Monday, March 14, 2016

Suppose You Didn't Have to Ask All the Right Pension Questions

Think about it. Oftentimes, your consulting services are only as good as the questions you knew to ask. Suppose you didn't have to ask them.

I think back to some of my earlier days as a consultant. Leaving a meeting, one of my mentors said to me that I had answered all of the client's questions that they needed to have answered, but didn't know it. In other words, I delivered optimal consulting to my client.

In the actuarial consulting world, what plan sponsors are frequently encountering is something short of optimal consulting. We can refer to it as suboptimal consulting.

I'm not going to give away exactly what goes into suboptimal consulting. What I will do though is to tell you a little bit about it, how damaging it might be to not avoid it, that it can be identified, and what a better solution looks like.

To paraphrase the old TV show "Dragnet" -- the tales of suboptimal consulting you are about to encounter are true; the names have been changed to protect the innocent. And, by the way, the innocent are the clients. They have businesses to run. With the exception of those big enough to have full-time, in-house pension consultants, they can't be expected to know all this stuff on their own.

Surprisingly enough, National Widget Company (NWC) is in the business of manufacturing and distributing widgets. NWC currently sponsors two frozen pension plans. Their actuarial firm, Too Big For the Mid-Market (TBFM) has assigned a litany of what it views internally as mediocre consultants to NWC for the last 15 years or so. Here is some of what we know about this relationship.

  • There have actually been six separate Enrolled Actuaries from TBFM assigned to NWC over the last 15 years. Only one of the six has ever met NWC management. None has worried about learning NWC's corporate goals, needs, or points of pain. All simply assumed that NWC was pretty much the same as the rest of TBFM's clients.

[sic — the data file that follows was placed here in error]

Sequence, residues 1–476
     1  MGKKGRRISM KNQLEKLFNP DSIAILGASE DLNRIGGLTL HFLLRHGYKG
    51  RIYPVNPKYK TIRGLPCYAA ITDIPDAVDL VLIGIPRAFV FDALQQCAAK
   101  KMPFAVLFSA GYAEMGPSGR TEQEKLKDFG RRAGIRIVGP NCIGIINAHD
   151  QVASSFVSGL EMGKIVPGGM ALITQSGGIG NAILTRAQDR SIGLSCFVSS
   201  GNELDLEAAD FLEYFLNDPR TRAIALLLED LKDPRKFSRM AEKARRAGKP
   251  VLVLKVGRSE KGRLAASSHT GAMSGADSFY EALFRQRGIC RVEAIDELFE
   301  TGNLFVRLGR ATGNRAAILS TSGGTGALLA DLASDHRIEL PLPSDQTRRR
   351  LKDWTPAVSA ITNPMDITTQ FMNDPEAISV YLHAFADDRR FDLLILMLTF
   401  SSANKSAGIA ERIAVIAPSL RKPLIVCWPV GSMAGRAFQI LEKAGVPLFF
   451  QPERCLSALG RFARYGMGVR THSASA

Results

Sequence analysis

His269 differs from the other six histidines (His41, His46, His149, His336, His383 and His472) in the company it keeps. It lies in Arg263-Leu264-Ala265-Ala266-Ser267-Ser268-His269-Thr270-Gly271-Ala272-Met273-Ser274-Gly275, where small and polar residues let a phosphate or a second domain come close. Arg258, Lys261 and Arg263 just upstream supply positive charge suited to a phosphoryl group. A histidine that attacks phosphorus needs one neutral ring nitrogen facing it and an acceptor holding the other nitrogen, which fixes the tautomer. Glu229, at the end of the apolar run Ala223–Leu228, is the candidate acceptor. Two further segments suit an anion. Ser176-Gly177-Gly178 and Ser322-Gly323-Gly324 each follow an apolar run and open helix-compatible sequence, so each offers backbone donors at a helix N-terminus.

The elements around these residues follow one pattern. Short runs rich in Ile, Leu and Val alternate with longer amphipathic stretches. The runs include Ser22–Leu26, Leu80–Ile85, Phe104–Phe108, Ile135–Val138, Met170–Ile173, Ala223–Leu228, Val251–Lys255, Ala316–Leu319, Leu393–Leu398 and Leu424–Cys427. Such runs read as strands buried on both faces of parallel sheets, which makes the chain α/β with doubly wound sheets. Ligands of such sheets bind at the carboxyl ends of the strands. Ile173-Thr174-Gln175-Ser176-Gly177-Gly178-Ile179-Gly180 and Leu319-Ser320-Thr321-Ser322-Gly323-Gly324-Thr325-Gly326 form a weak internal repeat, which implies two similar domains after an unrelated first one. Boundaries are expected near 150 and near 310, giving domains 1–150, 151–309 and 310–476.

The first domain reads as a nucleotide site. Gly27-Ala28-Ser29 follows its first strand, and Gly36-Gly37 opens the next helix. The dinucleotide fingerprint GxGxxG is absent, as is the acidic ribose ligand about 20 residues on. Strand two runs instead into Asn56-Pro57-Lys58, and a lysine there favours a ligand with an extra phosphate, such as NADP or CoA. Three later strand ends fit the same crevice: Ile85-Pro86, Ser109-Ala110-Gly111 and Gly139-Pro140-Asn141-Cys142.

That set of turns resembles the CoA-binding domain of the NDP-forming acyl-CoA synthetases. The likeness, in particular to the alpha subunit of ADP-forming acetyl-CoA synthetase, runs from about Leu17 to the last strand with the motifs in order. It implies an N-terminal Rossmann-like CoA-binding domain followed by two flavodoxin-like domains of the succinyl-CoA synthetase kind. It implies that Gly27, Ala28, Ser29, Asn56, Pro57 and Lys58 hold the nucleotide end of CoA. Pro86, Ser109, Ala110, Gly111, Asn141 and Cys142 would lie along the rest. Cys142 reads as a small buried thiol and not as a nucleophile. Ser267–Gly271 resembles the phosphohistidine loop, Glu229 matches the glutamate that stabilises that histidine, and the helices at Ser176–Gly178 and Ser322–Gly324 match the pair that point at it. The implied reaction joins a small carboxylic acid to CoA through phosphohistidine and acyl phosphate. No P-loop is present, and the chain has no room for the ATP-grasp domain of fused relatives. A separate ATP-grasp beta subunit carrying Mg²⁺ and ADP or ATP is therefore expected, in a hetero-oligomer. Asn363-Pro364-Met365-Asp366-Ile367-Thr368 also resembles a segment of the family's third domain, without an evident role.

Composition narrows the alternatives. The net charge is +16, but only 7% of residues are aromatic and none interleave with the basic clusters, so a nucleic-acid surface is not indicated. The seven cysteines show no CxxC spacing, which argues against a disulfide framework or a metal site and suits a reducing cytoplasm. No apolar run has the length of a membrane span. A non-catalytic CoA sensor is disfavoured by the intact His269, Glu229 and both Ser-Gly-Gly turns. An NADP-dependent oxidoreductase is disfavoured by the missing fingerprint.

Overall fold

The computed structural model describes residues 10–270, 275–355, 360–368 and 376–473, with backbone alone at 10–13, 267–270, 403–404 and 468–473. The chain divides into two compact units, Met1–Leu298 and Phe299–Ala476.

• The two NWC pension plans, in total, have about $100 million in plan assets.
  • NWC pays TBFM about $250 thousand per year in actuarial fees.
  • NWC has been laying out an average of slightly more than $100 thousand in cash every year (either to the plan or on behalf of the plan) that it didn't need to and for which there is no real benefit to the company or to plan participants. This is wasted money that could have been saved.
How do I know all of this? Suboptimal actuarial consulting can be identified. Deficiencies can be pointed out. Solutions can be found going forward. No, we can't turn back time, but we could ensure that NWC doesn't make the same mistakes over and over again. 

That NWC sponsors two frozen pension plans implies to me that they would like to terminate them. In other words, they'd like to get out of the pension business. Currently, however, there is no path to those plan terminations. They live in a world of hope and despair. That is, their strategy is that they hope that everything will go right and that these pension plans go away yet they are faced with the despair of knowing that this is not very likely to happen. 

Suppose NWC had a real strategy. Suppose that strategy included solutions with more upside potential and with less downside risk. Suppose every dollar that NWC spent on the plan was optimal. Suppose someone answered NWC's questions that their lack of pension expertise made them unequipped to ask. 

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